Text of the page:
Is It the Right Time to Be Using Prison Labor to Manufacture Military Uniforms?
The federal government is having some military uniforms made by inmates in federal prison, resulting in lay-offs at companies that currently hold the contracts.
With a contract for U.S. military uniforms expiring in October, the federal government is pulling some of its contracted work and shifting it to UNICOR, the Federal Prison Industries program.
According to a story by Fox News, it will cost about 15 percent more, $34.18 compared to $29.44 per uniform, but proponents of the program tout other benefits. Some of those benefits are that the FPI program helps provide training, education and employment for inmates in federal custody. Inmates working for the program are reportedly 24 percent less likely to re-offend and 14 percent more likely to be employed long-term after they have been released. Supplies also are purchased from small businesses, helping fuel the economy.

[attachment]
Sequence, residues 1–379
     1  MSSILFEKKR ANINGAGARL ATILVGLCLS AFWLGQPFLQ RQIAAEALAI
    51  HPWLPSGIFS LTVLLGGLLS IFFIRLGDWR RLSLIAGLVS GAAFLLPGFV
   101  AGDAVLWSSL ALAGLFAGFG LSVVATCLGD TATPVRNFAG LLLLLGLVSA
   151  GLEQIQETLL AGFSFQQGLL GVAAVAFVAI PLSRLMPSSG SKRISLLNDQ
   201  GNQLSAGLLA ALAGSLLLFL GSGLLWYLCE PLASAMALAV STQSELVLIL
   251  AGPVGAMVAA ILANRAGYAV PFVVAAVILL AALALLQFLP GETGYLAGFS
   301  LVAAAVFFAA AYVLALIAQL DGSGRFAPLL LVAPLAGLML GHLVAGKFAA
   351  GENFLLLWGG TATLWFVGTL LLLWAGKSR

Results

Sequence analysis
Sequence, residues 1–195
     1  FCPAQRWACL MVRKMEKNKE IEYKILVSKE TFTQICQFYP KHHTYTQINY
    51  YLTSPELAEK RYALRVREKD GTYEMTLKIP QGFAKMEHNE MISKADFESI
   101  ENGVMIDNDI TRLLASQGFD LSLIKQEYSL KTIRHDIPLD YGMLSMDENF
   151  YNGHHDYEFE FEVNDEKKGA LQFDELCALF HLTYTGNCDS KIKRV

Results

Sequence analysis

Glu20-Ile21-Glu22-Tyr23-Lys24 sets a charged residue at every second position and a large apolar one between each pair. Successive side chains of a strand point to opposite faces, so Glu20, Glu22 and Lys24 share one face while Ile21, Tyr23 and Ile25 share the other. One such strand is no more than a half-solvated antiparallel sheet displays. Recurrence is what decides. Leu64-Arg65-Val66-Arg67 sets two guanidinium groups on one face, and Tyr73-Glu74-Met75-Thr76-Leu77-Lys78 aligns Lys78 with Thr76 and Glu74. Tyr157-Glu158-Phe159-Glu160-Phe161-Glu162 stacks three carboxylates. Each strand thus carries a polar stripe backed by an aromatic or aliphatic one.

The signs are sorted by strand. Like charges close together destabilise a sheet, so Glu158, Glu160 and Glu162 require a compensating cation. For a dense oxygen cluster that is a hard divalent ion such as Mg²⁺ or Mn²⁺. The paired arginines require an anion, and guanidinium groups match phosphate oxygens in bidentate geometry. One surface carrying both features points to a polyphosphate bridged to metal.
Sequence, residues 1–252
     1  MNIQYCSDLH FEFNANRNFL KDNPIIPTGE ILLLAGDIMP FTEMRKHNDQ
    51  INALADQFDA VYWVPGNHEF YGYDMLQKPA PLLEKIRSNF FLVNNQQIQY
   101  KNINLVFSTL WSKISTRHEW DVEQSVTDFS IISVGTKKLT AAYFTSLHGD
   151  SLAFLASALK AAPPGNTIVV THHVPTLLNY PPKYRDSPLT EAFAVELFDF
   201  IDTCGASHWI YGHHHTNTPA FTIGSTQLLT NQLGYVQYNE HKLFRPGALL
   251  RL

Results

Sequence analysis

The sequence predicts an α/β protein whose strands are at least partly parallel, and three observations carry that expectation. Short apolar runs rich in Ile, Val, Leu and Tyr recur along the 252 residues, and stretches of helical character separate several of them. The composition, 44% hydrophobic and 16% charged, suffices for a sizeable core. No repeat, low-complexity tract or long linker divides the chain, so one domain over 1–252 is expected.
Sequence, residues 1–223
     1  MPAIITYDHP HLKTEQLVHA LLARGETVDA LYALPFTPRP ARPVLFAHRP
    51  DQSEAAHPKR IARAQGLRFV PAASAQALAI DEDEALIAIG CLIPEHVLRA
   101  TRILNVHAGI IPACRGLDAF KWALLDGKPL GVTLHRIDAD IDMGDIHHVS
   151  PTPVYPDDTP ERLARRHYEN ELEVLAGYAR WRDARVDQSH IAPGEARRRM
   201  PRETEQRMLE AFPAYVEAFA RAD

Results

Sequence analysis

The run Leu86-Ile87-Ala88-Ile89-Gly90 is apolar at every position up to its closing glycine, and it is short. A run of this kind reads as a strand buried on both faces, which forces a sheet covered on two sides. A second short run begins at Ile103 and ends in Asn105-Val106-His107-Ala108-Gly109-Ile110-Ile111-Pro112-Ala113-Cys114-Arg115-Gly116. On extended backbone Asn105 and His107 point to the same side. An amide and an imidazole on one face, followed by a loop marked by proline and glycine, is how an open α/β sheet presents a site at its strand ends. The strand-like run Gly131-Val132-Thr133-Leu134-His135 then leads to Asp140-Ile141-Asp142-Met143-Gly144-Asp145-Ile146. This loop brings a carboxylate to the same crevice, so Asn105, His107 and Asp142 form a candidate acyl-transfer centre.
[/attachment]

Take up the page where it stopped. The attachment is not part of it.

But opponents say at a time when unemployment is so high, it will hurt the regular business community. A Southeast company, American Apparel in Alabama, has already laid off employees after losing a contract to FPI and a second, American Power Source, also in Alabama, is likely to do so when the contract is pulled in October.
Do you think this is the right time to switch the contract or would it be better to wait for the unemployment rate to improve? Tell us in comments.